Specific Absorption Rate (SAR): How Your Phone is Safety Tested

Do you know how the phone industry tests the safety of your phone?

We are all holding a phone that we assume has been rigorously tested for health and safety right? 

It’s true that there are various agencies around the world that define what is safe for cell phone users, so every phone does have to go through testing to ensure its safety. The test used for that is called the Specific Absorption Rate (SAR) Test.

Dave Weaver of UL Labs defines “SAR is a measurement of how much energy a user of, say, a cell phone is receiving.”

What is the SAR Standard?

The FCC SAR standards say that all cell phones must meet the FCC’s RF exposure standard, which is set at a level well below that at which laboratory testing indicates, and medical and biological experts generally agree, adverse health effects could occur. 

These standards have not been changed for at least 20 years and have not been reviewed in the light of the epidemic of phone and wireless radiation that has surged exponentially over these last 20 years. Although in 2013, they did vote that they should do an inquiry into whether the current standards are actually safe, and they renewed that decision in 2019, they have not updated the standards.

Are the SAR Tests Actually Safe?

Truthfully, we don’t know - and we wish we did.

Why are we questioning this?Because the tests have to be below the threshold of a 20 year old standard that the safety counsels haven’t investigated yet, and the Terms and Conditions on almost all phones have been changed recently to statements such as this.

“Body-worn SAR testing has been carried out at a separation distance of 1.5cm. The meet RF exposure guidelines during body-worn operation, the device should be positioned at least this distance away from the body.”

SAR testing shows requirement to hold your phone 1.5cm away from your body

To position the phone 1.5cm away from the body means to never touch it. Uh. We literally use phones called “touch phones!”

A Couple More SAR Questions

Here’s an interview about how our devices are actually tested: 


After learning how the tests are conducted we have a few other concerns regarding the adequacy of the SAR test:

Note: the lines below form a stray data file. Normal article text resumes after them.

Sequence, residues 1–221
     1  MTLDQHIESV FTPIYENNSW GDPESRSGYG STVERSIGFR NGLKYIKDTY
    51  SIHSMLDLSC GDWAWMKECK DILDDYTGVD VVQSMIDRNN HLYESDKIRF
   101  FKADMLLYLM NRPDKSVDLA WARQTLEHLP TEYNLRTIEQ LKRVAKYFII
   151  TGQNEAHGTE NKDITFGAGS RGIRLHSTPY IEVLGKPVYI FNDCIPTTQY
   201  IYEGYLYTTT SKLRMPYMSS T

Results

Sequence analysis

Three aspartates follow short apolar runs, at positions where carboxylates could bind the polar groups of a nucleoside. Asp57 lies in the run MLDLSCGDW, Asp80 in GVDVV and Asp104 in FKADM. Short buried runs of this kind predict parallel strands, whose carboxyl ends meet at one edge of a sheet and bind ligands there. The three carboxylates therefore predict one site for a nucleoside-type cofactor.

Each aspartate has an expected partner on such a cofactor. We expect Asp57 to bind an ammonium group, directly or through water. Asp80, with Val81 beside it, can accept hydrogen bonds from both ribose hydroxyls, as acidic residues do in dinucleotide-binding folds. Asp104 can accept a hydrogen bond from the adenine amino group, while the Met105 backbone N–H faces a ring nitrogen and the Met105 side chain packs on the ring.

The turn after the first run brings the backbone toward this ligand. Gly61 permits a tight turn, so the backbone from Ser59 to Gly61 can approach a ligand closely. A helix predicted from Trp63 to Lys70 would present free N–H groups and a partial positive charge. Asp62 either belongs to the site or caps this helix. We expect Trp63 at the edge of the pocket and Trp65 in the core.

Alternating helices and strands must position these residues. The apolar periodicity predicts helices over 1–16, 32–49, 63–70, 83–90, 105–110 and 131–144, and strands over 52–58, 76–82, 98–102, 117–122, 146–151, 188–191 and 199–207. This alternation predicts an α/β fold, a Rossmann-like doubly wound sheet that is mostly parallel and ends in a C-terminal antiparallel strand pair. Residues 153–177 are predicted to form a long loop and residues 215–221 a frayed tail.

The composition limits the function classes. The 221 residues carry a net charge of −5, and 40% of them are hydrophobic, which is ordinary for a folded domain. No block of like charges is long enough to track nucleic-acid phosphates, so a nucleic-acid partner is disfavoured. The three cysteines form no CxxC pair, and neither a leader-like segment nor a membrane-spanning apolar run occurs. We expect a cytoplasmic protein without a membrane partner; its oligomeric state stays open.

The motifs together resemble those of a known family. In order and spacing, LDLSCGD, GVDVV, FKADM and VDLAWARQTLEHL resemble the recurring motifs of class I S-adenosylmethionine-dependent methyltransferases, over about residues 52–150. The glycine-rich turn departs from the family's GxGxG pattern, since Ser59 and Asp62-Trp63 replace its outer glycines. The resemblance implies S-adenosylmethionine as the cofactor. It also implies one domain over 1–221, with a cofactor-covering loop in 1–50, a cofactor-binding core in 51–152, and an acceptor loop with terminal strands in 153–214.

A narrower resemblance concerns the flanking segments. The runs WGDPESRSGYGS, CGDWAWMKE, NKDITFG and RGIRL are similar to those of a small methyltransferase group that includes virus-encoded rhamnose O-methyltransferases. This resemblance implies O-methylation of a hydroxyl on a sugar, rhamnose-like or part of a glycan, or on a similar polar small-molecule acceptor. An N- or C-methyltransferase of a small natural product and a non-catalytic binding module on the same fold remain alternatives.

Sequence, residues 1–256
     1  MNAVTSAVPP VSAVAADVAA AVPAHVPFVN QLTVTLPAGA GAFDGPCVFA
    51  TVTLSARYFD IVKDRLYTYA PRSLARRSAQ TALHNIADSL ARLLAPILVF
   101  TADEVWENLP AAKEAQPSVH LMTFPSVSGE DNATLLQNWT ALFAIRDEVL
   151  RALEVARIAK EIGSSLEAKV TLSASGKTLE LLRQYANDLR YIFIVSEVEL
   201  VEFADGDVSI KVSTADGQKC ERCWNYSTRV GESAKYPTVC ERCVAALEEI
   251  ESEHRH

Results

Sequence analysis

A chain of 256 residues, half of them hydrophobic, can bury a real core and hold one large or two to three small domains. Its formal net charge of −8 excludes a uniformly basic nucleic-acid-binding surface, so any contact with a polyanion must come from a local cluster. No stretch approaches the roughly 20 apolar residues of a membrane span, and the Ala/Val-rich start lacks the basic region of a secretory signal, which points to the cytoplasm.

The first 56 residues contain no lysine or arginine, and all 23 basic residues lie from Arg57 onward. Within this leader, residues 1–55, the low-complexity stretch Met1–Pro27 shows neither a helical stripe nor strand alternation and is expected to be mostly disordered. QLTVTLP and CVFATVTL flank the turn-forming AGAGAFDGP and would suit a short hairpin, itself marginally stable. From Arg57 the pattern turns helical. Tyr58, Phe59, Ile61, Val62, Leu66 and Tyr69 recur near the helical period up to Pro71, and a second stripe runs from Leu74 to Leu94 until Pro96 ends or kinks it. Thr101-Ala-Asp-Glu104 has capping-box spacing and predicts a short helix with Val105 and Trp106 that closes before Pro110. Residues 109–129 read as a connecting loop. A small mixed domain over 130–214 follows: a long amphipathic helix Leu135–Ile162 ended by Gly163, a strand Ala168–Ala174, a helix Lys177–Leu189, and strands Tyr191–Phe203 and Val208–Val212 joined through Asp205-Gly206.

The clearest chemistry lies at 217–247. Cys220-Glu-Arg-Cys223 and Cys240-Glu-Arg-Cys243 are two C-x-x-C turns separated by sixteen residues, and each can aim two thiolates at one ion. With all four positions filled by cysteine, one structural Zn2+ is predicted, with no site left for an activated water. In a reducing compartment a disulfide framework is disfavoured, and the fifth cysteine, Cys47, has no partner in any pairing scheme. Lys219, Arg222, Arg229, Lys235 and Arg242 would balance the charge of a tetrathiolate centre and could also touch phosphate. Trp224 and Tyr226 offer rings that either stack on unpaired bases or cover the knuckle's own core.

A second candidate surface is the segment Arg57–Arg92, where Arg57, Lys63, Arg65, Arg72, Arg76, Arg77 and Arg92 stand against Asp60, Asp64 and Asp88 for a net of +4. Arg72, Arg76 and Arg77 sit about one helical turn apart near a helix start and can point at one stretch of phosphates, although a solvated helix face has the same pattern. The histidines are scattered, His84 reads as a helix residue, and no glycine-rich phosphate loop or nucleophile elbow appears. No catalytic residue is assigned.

1. SAR is not a biological test.
    Labs use plastic dummies (Hi SAM) with basic chemical compounds like sugar, salts, oils, and water to do their tests. We’re not pro-animal testing, but we question whether a non-living chemical compound is a good substitute for a safety test.  
  2. The tests aren’t always done before a device is on the market
    Dale blatantly states that it would be nice if device makers sent devices for testing before they go to market, but they often don’t. They have tight turnaround times on their tests and that limits what they can achieve before they make it into the hands of consumers.
  3. Testing with a phone at least 5mm away from the plastic skin
    There is always a separation specification, and that’s where the testing is done - not next to your head, not in the pocket - where most people are carrying their phone. His suggestion is basically, “people are carrying it wrong” rather than, we test where people actually use it (against their heads).

In our opinion, this safety test is lacking.

Until we find a way to measure the response between the electrical current in living cells and the electrified wave fields of microwave radiation, and THAT comes back with results that show a device is safe, we suggest taking other measures to ensure your own safety.



Met Labs Testing Information

FCC SAR Standards

FCC Radio Frequency Safety Pag